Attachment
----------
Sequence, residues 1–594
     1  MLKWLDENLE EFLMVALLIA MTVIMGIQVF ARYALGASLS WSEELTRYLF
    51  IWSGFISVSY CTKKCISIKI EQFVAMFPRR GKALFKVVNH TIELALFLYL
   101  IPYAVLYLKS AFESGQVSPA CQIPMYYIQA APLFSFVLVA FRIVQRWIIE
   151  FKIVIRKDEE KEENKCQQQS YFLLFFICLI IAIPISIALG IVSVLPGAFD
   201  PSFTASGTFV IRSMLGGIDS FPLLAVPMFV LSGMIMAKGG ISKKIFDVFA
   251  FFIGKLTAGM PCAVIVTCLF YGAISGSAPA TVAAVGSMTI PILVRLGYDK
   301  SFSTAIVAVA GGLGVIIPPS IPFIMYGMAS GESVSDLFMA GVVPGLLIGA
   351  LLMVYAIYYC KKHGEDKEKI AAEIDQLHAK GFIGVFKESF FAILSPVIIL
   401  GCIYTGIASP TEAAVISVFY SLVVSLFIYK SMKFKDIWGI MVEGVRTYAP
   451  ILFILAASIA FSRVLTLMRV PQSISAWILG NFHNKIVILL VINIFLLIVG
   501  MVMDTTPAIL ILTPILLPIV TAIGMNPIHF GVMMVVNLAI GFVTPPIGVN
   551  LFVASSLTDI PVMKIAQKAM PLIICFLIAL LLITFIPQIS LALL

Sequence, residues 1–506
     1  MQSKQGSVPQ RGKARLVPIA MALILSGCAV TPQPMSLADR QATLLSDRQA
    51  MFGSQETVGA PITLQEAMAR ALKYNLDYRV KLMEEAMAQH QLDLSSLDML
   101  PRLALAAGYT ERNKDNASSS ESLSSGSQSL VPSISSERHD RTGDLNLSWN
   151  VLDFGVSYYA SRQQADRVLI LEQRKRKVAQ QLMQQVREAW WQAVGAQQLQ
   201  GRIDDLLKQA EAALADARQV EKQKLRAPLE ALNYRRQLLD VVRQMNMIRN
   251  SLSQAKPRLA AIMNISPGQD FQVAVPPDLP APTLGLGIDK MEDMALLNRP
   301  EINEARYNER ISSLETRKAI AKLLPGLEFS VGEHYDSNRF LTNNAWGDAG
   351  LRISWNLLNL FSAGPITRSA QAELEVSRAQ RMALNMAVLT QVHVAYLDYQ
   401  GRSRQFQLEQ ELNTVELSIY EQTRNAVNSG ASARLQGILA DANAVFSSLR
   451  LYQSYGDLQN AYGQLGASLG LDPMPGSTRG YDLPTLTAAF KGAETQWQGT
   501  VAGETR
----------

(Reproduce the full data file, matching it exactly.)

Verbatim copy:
Sequence, residues 1–594
     1  MLKWLDENLE EFLMVALLIA MTVIMGIQVF ARYALGASLS WSEELTRYLF
    51  IWSGFISVSY CTKKCISIKI EQFVAMFPRR GKALFKVVNH TIELALFLYL
   101  IPYAVLYLKS AFESGQVSPA CQIPMYYIQA APLFSFVLVA FRIVQRWIIE
   151  FKIVIRKDEE KEENKCQQQS YFLLFFICLI IAIPISIALG IVSVLPGAFD
   201  PSFTASGTFV IRSMLGGIDS FPLLAVPMFV LSGMIMAKGG ISKKIFDVFA
   251  FFIGKLTAGM PCAVIVTCLF YGAISGSAPA TVAAVGSMTI PILVRLGYDK
   301  SFSTAIVAVA GGLGVIIPPS IPFIMYGMAS GESVSDLFMA GVVPGLLIGA
   351  LLMVYAIYYC KKHGEDKEKI AAEIDQLHAK GFIGVFKESF FAILSPVIIL
   401  GCIYTGIASP TEAAVISVFY SLVVSLFIYK SMKFKDIWGI MVEGVRTYAP
   451  ILFILAASIA FSRVLTLMRV PQSISAWILG NFHNKIVILL VINIFLLIVG
   501  MVMDTTPAIL ILTPILLPIV TAIGMNPIHF GVMMVVNLAI GFVTPPIGVN
   551  LFVASSLTDI PVMKIAQKAM PLIICFLIAL LLITFIPQIS LALL

Sequence, residues 1–506
     1  MQSKQGSVPQ RGKARLVPIA MALILSGCAV TPQPMSLADR QATLLSDRQA
    51  MFGSQETVGA PITLQEAMAR ALKYNLDYRV KLMEEAMAQH QLDLSSLDML
   101  PRLALAAGYT ERNKDNASSS ESLSSGSQSL VPSISSERHD RTGDLNLSWN
   151  VLDFGVSYYA SRQQADRVLI LEQRKRKVAQ QLMQQVREAW WQAVGAQQLQ
   201  GRIDDLLKQA EAALADARQV EKQKLRAPLE ALNYRRQLLD VVRQMNMIRN
   251  SLSQAKPRLA AIMNISPGQD FQVAVPPDLP APTLGLGIDK MEDMALLNRP
   301  EINEARYNER ISSLETRKAI AKLLPGLEFS VGEHYDSNRF LTNNAWGDAG
   351  LRISWNLLNL FSAGPITRSA QAELEVSRAQ RMALNMAVLT QVHVAYLDYQ
   401  GRSRQFQLEQ ELNTVELSIY EQTRNAVNSG ASARLQGILA DANAVFSSLR
   451  LYQSYGDLQN AYGQLGASLG LDPMPGSTRG YDLPTLTAAF KGAETQWQGT
   501  VAGETR